Is thoracic ultrasound a viable alternative to conventional imaging in the critical care setting?

D T Ashton-Cleary
British Journal of Anaesthesia 2013, 111 (2): 152-60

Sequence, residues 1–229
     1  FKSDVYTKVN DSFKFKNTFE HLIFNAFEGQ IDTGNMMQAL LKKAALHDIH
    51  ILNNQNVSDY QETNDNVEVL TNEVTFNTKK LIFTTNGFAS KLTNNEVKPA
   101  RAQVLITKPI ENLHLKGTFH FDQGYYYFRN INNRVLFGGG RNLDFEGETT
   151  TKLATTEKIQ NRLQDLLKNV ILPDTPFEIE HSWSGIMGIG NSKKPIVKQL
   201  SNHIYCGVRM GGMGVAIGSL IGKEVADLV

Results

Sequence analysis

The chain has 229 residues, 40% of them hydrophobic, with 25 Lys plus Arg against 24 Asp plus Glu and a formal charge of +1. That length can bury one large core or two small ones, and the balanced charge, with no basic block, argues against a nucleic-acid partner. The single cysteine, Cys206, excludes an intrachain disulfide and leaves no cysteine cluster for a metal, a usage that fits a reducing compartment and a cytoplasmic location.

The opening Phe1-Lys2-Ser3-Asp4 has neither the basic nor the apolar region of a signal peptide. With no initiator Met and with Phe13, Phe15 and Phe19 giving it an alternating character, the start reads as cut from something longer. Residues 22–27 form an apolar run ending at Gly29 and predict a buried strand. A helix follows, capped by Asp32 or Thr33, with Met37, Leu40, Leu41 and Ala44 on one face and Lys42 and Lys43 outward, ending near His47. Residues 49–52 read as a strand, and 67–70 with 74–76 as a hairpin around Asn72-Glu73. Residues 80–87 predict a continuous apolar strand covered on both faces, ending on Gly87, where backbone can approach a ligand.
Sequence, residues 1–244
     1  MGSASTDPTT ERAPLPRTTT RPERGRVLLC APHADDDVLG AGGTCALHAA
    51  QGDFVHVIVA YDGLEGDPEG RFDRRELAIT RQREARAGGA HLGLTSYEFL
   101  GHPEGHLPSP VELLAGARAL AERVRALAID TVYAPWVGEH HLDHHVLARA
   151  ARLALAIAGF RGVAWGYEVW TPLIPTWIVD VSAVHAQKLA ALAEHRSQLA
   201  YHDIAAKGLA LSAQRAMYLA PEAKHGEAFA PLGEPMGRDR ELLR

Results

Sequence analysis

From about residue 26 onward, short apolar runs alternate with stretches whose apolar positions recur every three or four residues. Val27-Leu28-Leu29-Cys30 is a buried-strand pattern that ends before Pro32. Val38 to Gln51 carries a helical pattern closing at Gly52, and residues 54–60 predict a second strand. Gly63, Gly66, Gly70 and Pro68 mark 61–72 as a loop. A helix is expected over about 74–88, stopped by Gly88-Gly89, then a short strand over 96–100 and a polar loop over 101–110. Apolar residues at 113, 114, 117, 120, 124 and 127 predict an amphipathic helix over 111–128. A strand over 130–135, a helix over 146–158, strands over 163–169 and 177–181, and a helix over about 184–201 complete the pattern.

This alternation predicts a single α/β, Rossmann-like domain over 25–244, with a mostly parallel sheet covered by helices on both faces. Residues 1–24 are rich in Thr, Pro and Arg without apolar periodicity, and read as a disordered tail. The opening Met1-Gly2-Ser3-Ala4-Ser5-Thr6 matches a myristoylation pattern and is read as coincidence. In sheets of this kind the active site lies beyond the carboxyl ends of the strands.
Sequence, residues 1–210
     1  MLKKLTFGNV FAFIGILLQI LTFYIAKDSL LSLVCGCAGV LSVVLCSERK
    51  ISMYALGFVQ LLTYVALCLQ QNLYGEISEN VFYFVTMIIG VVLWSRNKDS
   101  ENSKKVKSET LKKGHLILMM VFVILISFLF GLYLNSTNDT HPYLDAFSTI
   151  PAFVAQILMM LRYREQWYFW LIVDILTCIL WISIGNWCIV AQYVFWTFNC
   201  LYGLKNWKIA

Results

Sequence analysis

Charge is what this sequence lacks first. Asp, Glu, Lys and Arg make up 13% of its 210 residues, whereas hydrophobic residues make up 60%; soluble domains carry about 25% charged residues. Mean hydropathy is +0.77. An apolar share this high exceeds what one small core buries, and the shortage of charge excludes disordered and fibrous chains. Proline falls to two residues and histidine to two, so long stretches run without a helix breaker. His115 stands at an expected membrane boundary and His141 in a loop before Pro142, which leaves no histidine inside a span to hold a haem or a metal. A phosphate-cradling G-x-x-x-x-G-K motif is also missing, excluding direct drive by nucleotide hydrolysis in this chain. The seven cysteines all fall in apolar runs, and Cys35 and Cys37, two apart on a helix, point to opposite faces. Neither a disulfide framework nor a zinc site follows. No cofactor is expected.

Thoracic imaging is regularly performed on the majority of critical care patients. Conventionally, this uses a combination of plain radiography and computed tomography. There is growing enthusiasm for the use of ultrasound to replace much of this radiology and provide more immediate, point-of-care imaging with reduction in patient transfers, ionizing radiation exposure and cost. This article explores the diagnostic performance of thoracic ultrasound in the imaging of pleural effusion, consolidation, extra-vascular lung water (EVLW), and pneumothorax. Current evidence suggests that, in expert hands, thoracic ultrasonography has similar diagnostic accuracy to computed tomography in pleural effusion, consolidation and pneumothorax. The technique also has potential to identify the cause of increased EVLW and accurately quantify pleural effusions. More large-scale studies are required in these areas however. Ultrasonography outperforms bedside chest radiography in all cases.

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